Saturday, April 5, 2008



By Jerry Okungu

Kenyans elected their MPs to go to parliament and make laws; good laws to make this country a better place. They did not elect these people to be appointed cabinet ministers and assistant ministers. To the best of my knowledge, no MP campaigned on the platform that if elected, he would be appointed cabinet minister because there are no known criteria how Kenyan ministers are appointed. There are no parliamentary standing committees to vet members of the cabinet, the judiciary and other constitutional offices of the government. All along we have left this job to the whims of the sitting president.

Right now, Kenyans are coming to terms with the trauma of the elections aftermath. People have died; some have been maimed and scarred for life. Thousands more are internally displaced. However, instead of hearing voices of reason concerning themselves with the plight of the poor and the displaced, all we hear are our elected MPs jostling for positions in the new coalition! Isn’t this embarrassing enough for a wounded country like ours?

Why are we forcing our ways and tribes into a bloated government that may in the end drain our dented economy? What value will these power hungry individuals add to the new government? What difference does it make to split ministries only to accommodate our tribesmen and village mates?

This country does not need more than twenty ministries and at most twenty-four offices with another twenty or twenty four assistant ministers. We must make the cabinet small enough to be efficient. We must make it small enough to allow the larger parliament to take it to task. Let other members of parliament serve in watchdog committees to ensure service delivery and accountability to the people of Kenya.

In choosing the cabinet, let the coalition not look at individuals. Let them consider regions and communities apart from competence which should be priority number one. And I can bet that every community or tribe in Kenya has at least one competent individual qualified enough to be appointed a cabinet minister, an assistant minister, a permanent secretary or a parastatal chief executive.

With twenty cabinet ministers, we can give two ministries to each province and still have four more to play a round with. Of the four left, let President Kibaki and Raila Odinga have two each to serve them in their offices. Based on population density, let Kibaki appoint his allocation to Mt. Kenya region while Raila gives one extra to North Eastern and Rift Valley Provinces.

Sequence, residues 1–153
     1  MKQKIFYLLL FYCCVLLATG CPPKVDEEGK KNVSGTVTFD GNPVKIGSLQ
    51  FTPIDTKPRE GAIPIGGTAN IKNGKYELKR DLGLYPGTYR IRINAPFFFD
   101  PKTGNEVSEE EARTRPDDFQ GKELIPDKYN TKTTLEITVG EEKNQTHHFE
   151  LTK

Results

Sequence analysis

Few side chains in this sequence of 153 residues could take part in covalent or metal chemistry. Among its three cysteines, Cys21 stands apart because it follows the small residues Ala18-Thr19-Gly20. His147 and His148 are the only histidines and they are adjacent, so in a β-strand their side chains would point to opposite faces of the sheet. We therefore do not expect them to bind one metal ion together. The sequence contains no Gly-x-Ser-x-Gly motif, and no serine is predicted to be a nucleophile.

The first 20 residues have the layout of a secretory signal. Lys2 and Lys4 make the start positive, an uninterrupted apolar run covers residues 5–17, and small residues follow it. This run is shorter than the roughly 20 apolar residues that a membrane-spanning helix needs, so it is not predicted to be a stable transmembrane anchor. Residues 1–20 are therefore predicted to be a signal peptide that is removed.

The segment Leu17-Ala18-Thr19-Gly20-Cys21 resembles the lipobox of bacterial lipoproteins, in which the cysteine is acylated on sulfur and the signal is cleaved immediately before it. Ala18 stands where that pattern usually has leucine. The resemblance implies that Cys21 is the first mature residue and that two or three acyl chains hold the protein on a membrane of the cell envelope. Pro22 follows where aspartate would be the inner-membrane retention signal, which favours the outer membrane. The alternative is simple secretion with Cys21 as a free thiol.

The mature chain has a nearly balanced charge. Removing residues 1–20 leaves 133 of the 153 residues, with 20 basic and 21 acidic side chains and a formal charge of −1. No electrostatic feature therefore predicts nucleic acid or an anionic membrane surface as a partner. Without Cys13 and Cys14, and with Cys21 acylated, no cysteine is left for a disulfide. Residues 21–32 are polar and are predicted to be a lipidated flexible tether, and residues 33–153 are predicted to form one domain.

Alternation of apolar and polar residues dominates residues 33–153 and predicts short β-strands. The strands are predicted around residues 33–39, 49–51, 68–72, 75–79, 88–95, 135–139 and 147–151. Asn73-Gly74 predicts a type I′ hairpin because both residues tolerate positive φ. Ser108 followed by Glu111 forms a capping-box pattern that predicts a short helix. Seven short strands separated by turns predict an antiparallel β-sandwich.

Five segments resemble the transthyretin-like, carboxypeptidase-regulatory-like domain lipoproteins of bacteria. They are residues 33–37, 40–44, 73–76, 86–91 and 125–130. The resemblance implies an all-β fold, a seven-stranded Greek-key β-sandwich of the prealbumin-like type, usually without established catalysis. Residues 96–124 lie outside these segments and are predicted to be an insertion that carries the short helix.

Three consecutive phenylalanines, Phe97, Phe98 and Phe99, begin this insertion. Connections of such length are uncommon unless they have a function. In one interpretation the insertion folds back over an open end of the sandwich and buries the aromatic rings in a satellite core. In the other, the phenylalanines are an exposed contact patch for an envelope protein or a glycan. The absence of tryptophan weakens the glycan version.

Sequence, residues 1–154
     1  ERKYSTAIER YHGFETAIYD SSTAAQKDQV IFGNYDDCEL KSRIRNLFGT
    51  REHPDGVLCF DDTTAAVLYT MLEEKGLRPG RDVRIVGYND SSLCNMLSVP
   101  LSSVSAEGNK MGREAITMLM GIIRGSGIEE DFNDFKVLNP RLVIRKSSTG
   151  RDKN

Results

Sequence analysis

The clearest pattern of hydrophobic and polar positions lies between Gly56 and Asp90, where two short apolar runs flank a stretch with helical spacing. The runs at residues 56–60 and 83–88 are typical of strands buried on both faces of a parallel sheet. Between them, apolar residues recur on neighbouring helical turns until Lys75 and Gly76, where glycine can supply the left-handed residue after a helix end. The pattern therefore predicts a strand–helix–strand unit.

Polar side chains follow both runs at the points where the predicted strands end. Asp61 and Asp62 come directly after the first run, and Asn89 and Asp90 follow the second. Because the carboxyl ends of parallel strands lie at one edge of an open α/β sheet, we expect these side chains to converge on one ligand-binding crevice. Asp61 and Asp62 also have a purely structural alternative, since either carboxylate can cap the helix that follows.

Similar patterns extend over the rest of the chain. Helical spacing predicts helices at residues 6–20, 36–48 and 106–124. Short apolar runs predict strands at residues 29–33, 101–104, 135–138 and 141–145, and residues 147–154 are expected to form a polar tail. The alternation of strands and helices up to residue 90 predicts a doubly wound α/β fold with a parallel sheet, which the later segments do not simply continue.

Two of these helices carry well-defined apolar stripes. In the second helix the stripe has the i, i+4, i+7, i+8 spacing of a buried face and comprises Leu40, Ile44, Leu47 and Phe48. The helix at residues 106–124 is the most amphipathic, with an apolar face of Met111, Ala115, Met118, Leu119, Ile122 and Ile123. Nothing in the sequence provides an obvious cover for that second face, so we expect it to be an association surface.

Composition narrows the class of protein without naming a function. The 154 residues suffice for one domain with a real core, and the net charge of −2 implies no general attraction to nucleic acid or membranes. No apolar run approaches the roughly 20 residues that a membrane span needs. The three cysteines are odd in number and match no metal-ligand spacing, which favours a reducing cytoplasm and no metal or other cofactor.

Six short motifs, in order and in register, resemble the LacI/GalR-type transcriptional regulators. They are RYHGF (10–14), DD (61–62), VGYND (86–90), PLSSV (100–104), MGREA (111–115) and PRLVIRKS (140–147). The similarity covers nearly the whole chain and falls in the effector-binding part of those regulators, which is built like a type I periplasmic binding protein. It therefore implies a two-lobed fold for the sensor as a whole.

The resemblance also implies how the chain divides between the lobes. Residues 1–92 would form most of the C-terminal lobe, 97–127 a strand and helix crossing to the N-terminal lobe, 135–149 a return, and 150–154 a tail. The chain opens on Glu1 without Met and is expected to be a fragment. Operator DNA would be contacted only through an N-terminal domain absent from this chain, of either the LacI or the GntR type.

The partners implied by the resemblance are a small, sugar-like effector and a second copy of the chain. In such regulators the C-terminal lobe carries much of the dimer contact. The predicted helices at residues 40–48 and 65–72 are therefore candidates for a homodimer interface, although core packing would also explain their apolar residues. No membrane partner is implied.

What must be understood here is that once your tribe gets a ministerial post; don’t expect an assistant minister or a permanent secretary until all the tribes have been slotted in. In this way we will avoid that tired merit excuse that in the past has been used to staff a whole ministry with faces from one village.

As we proceed with this stop gap measure while waiting for constitutional overhaul, let us bear in mind that the new constitution must include a senate to check on the excesses of our MPs and bar MPs altogether from being cabinet ministers and CDF chiefs all at the same time. With all these powers and responsibilities on their hands, all they have done is to fail to perform.

This current jostling for cabinet posts has got me thinking. How nice it would be if our elected MPs spent their energies at weekend funerals offering not to be appointed to the cabinet as Noah Wekesa did the other day and instead lobby for their voters to be appointed to the cabinet?

Which MP is bold enough to rush a bill to parliament and ask for a constitutional amendment that will bar MPs from serving in the cabinet? Will it be Ababu Namwamba, George Thuo, and my MP Fred Outa or my friend Kiema Kilonzo?

Right now there are bad eggs in the present parliament; those that have been there forever. They are busy working behind the scenes to scuttle the current fragile peace Kenyans are enjoying. They know that if Kibaki and Raila forge a lasting coalition; they have no chance of reverting to their old ways of disenfranchising the larger Kenyan population.

They have perfected the art of survival in chaos.
That is why they are advocating for a bloated government that they know will be as chaotic as ever. They know that supervising fifteen ministries is an uphill task.
The more reason they are asking for forty one ministries that they know will give the prime minister a nightmare!

The President and the Prime Minister designate must not give in to these saboteurs from within.